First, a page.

An important date to take note of is that SharePoint 2013’s end of Mainstream Support date was April 10, 2018.
Lifecycle Start Date
Mainstream Support End Date
Extended Support End Date
Service Pack Support End Date
Access Services in Microsoft SharePoint Server 2010
Excel Services in Microsoft SharePoint Server 2010
Microsoft FAST Search Server 2010 for SharePoint
Microsoft FAST Search Server 2010 for SharePoint Internet Sites
Microsoft FAST Search Server 2010 for SharePoint Service Pack 1
Microsoft Office SharePoint Portal Server 2003
Microsoft Office SharePoint Portal Server 2003 Service Pack 1
Microsoft Office SharePoint Portal Server 2003 Service Pack 2
Microsoft Office SharePoint Portal Server 2003 Service Pack 3
Microsoft Office SharePoint Server 2007
Microsoft SharePoint Portal Server 2001
Microsoft SharePoint Portal Server 2001 Service Pack 2
Microsoft SharePoint Portal Server 2001 Service Pack 3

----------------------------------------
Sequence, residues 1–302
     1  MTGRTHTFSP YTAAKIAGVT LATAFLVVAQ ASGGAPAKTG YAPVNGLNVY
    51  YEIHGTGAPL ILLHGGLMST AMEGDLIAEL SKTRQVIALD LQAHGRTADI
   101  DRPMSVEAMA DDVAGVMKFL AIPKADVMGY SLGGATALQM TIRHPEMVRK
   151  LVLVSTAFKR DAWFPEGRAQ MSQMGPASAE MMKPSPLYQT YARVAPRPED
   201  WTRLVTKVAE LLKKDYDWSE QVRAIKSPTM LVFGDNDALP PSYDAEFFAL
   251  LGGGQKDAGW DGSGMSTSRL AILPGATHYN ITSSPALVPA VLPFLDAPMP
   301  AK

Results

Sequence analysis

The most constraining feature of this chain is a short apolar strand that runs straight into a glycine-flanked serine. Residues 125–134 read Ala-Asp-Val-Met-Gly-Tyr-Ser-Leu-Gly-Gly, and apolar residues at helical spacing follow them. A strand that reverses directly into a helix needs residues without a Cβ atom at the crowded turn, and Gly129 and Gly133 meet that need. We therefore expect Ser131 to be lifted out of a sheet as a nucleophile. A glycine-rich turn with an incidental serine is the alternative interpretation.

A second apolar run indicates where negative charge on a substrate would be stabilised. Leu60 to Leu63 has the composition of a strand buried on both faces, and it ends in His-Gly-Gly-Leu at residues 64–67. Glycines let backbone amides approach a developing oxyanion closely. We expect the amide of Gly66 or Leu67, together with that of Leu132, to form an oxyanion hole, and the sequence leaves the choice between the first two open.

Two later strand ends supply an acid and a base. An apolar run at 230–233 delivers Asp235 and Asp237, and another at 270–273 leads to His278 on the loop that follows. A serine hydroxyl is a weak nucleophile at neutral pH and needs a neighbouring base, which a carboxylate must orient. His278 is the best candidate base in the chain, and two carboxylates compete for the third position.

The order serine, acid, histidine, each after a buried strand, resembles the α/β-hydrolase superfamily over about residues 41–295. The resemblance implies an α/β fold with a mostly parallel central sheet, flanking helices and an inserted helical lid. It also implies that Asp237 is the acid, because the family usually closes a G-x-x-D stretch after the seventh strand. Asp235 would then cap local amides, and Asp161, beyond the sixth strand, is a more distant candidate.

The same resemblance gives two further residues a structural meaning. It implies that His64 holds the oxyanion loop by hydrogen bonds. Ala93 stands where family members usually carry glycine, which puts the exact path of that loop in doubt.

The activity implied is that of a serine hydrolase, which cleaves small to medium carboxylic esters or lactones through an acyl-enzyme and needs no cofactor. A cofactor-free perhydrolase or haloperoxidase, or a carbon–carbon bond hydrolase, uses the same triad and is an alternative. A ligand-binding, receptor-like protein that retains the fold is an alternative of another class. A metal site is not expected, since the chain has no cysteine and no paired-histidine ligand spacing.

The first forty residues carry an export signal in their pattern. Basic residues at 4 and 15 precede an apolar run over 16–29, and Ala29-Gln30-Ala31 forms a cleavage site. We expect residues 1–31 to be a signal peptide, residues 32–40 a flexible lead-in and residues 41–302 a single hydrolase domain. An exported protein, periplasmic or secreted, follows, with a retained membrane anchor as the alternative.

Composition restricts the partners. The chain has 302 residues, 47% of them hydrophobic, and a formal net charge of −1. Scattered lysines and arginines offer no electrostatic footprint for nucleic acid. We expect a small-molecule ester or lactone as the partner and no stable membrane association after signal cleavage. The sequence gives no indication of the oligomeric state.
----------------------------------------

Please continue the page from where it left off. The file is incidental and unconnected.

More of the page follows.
Microsoft SharePoint Server 2007 Service Pack 1
Microsoft SharePoint Server 2007 Service Pack 2
Microsoft SharePoint Server 2007 Service Pack 3
Microsoft SharePoint Server 2010
Microsoft SharePoint Server 2010 Service Pack 1
Microsoft SharePoint Server 2010 Service Pack 2
Microsoft SharePoint Server 2013 Service Pack 1
PerformancePoint Services in Microsoft SharePoint Server 2010
SharePoint Server 2013
SharePoint Server 2016
Sybari Antigen 8.0 for Microsoft SharePoint Portal Server
Before end of Mainstream Support, you can expect Microsoft to release Public Update Builds (PU) which contains the latest functionality, performance, and stability improvements for the product. Once in extended support (for example, SharePoint 2013 as from April 11, 2018), Microsoft will only update the minimum supported build.